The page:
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Tag Archive: data visualizations

The bigger the bank, the higher the complaint rate

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The bigger the bank, the higher the rate of consumer complaints. That is the general pattern of a new Sunlight Foundation analysis of just-released consumer complaint data from the Consumer Financial Protection Bureau (CFPB). The relationship is hardly surprising. The biggest banks consistently score the worst on surveys of customer satisfaction. The most recent survey found Bank of America with the lowest customer satisfaction rate. We find Bank of America to have the second highest rate of complaints, trailing only Capital One, a major issuer of credit cards. Capital One accounts for 21.3% (4,181 of 19,603) of credit card complaints in the CFPB data. size_and_complaints

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New Rule Takes On Pay-to-Play in Muni Bonds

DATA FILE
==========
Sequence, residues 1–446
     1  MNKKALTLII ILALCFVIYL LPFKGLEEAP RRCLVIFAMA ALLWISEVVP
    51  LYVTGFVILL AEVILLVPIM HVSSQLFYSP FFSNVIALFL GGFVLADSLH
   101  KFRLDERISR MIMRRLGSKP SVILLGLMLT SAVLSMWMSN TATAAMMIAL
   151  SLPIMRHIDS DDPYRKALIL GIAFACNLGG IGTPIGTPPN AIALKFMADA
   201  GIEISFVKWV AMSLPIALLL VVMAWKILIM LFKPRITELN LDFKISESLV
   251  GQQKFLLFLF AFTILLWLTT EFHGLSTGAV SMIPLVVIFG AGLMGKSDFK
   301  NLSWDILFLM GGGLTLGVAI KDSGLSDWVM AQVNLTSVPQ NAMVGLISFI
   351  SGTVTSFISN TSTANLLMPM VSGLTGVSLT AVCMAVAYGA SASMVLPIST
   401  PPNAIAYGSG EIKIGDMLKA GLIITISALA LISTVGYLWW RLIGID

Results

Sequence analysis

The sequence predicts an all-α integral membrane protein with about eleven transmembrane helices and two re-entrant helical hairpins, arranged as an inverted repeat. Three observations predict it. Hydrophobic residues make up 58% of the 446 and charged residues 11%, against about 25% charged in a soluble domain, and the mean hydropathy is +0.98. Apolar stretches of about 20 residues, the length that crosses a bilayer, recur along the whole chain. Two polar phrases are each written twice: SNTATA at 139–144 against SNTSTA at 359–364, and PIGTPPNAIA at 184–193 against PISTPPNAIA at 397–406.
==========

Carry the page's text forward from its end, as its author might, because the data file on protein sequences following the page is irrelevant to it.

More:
Sunlight has long been an advocate for not only improved transparency of government institutions but also for thoughtful transparency measures that have open data standards in mind. Today we submitted a letter to the Municipal Securities Rulemaking Board (MSRB) supporting a proposed rule change that would give voters more information about who is trying to influence bond ballot issues. The Board is working toward improved disclosure of ballot campaign contributions by those with certain connections to municipal bonds. We applaud this step toward greater transparency on an issue that deeply impacts local governments and their constituents. Voters have a clear interest in understanding the context of the bonds approved for their communities. Investigative journalists have already used these kinds of disclosures to write stories like this one from Voice of San Diego, which exposed the trend of those who contributed to school bond campaigns receiving the contracts they spent money influencing. The improved disclosures MSRB is mandating will be available through the Electronic Municipal Market Access (EMMA) system, which is the free public platform for searching municipal bond information maintained by MSRB. Our comments also suggest the Board consider two more steps it could take toward 21st century disclosure.

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